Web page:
AGREEMENT TO SETTLE SUIT SEEKING SIGN LANGUAGE INTERPRETERS AT CONNECTICUT HOSPITALS WASHINGTON, D.C. - A federal judge today approved an innovative agreement between the Justice Department, the Connecticut Office of Protection and Advocacy for Persons with Disabilities (P&A), and thirty-two hospitals across Connecticut, that requires the hospitals to provide sign language interpreters for patients who are deaf or hard of hearing. The agreement, announced last June and approved at a hearing today in U.S. District Court in Hartford, Connecticut, resolves a class action lawsuit that alleged hospitals in Connecticut were violating the Americans with Disabilities Act (ADA) by not providing sign language interpreters. "The Court today recognized the critical importance of guaranteeing effective communication to persons who are deaf or hard of hearing," said Bill Lann Lee, Acting Assistant Attorney General for Civil Rights. "Without effective communication, adequate health care cannot be provided. These hospitals should be commended for their efforts to provide effective communication throughout the State of Connecticut." Under the proposal, the hospitals will: set up a state wide, on call system to provide qualified sign language and oral interpreters, 24 hours a day, 7 days a week, through Family Services Woodfield, a non profit agency based in Bridgeport, Connecticut; provide telecommunication devices (TTD's) that enable persons who are deaf or hard of hearing to use public telephones throughout the hospitals and, when requested, in patient rooms; install visual alarms where audible alarms are already provided; train employees and volunteers about issues relating to communication with persons who are deaf or hard of hearing, with special training for Emergency Department personnel, psychiatric personnel, and social workers, and other key

personnel; post signs stating that the hospital will provide sign language interpreters and other auxiliary aids and services, free of charge, to persons who are deaf or hard of hearing; offer training to all affiliated physicians; designate an Information Office and Program Administrators to implement all aspects of the agreement and to provide information to the public; and, Fourteen of the participating hospitals also have agreed to pay $333,000 in compensation to persons who are deaf or hard of hearing and to non-disabled people who were affected by the hospitals' failure to provide effective communication in the past, and $20,000 in attorney fees to P&A. "This settlement truly represents a win-win situation for the people of Connecticut and the state's hospitals," said Stephen C. Robinson, U.S. Attorney in Connecticut. "Now, the hospitals will be able to fully communicate with people who are deaf and hard of hearing in order to continue to provide the highest quality care. People who are deaf and hard of hearing can rest assured that should they need treatment at a hospital they will always be able to effectively communicate with their treating physicians." The agreement resolves a class action suit originally brought by P&A against ten hospitals for failing to provide sign language interpreters for patients or patients' family members who are deaf or hard of hearing. The Department of Justice intervened in the suit, and twenty two other hospitals voluntarily intervened as defendants in order to participate in the shared system providing sign language interpreters and to avoid any future liability. The Department recently resolved another suit in which it had intervened against Maine Medical Center of Bangor, Maine. Under that agreement, adopted by a federal court in May, Maine Medical Center will provide sign language and oral interpreters and other aids necessary for effective communication with deaf or hard of hearing persons interacting with hospital personnel. "Doctors must be able to communicate effectively with their patients or they risk denying them the opportunity for adequate care. Often, communication makes the difference between helping and harming a patient -- in some cases, it could even make the difference between life and death," added Mr. Lee.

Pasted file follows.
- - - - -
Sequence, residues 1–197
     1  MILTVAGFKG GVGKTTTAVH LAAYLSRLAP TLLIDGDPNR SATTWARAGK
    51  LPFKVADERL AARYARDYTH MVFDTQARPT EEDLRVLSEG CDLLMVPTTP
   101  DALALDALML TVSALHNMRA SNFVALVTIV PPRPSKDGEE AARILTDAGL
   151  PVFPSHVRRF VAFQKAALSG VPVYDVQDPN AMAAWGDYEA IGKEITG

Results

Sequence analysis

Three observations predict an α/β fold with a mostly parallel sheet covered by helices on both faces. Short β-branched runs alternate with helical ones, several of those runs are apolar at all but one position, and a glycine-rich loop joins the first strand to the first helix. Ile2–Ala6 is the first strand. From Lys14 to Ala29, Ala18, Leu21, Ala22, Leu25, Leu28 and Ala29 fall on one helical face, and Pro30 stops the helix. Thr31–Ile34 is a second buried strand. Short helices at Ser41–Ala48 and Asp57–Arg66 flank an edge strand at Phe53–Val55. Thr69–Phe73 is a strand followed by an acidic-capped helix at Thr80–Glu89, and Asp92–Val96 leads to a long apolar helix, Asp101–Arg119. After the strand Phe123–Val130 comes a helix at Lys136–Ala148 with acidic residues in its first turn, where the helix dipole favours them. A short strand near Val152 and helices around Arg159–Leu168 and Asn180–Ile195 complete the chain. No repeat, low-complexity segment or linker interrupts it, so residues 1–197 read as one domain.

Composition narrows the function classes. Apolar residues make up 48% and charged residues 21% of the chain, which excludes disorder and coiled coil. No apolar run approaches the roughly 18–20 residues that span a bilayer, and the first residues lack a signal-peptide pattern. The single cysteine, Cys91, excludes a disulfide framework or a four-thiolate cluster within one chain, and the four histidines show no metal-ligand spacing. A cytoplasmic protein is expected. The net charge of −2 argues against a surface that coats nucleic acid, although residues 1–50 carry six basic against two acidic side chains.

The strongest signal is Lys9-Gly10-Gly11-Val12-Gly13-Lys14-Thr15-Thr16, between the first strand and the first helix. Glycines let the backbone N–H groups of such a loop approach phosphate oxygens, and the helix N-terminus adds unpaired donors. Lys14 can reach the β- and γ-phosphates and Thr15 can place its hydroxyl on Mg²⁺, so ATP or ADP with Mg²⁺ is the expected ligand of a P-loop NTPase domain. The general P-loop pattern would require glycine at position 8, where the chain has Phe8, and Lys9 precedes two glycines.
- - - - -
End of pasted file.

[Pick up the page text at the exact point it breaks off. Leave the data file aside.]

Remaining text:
The ADA prohibits discrimination against persons with disabilities. Specifically, it prohibits health care providers, both private and public, from refusing or failing to provide appropriate auxiliary aids and services, including qualified sign language and oral interpreters, when necessary to ensure effective communication with persons with disabilities. The parties provided notice to the class, and the Court held a hearing today at which class members were allowed to speak in support or to object to the agreement. Only a few comments were provided by the affected class members, and Federal Magistrate Judge Thomas P. Smith ruled from the bench that the agreement should be approved. Those interested in finding out more about the law can access the Department's ADA Home Page on the World Wide Web at or call the ADA Information Line at (800) 514 0301 (voice) or (800) 514 0383 (TDD). # # # 98-381